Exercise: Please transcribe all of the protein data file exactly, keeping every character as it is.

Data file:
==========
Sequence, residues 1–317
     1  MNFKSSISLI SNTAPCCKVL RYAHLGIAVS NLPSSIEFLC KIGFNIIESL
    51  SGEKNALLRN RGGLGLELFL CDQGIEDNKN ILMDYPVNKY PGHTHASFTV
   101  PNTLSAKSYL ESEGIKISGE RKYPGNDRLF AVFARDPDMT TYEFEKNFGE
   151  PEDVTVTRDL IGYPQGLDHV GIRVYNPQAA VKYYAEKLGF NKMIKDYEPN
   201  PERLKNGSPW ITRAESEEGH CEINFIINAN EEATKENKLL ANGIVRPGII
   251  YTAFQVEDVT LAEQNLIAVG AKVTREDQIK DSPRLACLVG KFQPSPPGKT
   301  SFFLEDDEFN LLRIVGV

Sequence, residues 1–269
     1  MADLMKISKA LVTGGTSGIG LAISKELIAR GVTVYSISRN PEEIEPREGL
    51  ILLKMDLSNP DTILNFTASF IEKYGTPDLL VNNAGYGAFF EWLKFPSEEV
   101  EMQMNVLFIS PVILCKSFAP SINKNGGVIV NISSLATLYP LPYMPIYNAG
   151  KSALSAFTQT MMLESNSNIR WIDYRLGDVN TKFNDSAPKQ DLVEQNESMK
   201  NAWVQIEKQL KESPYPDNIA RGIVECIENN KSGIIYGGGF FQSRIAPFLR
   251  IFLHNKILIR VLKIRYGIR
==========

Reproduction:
Sequence, residues 1–317
     1  MNFKSSISLI SNTAPCCKVL RYAHLGIAVS NLPSSIEFLC KIGFNIIESL
    51  SGEKNALLRN RGGLGLELFL CDQGIEDNKN ILMDYPVNKY PGHTHASFTV
   101  PNTLSAKSYL ESEGIKISGE RKYPGNDRLF AVFARDPDMT TYEFEKNFGE
   151  PEDVTVTRDL IGYPQGLDHV GIRVYNPQAA VKYYAEKLGF NKMIKDYEPN
   201  PERLKNGSPW ITRAESEEGH CEINFIINAN EEATKENKLL ANGIVRPGII
   251  YTAFQVEDVT LAEQNLIAVG AKVTREDQIK DSPRLACLVG KFQPSPPGKT
   301  SFFLEDDEFN LLRIVGV

Sequence, residues 1–269
     1  MADLMKISKA LVTGGTSGIG LAISKELIAR GVTVYSISRN PEEIEPREGL
    51  ILLKMDLSNP DTILNFTASF IEKYGTPDLL VNNAGYGAFF EWLKFPSEEV
   101  EMQMNVLFIS PVILCKSFAP SINKNGGVIV NISSLATLYP LPYMPIYNAG
   151  KSALSAFTQT MMLESNSNIR WIDYRLGDVN TKFNDSAPKQ DLVEQNESMK
   201  NAWVQIEKQL KESPYPDNIA RGIVECIENN KSGIIYGGGF FQSRIAPFLR
   251  IFLHNKILIR VLKIRYGIR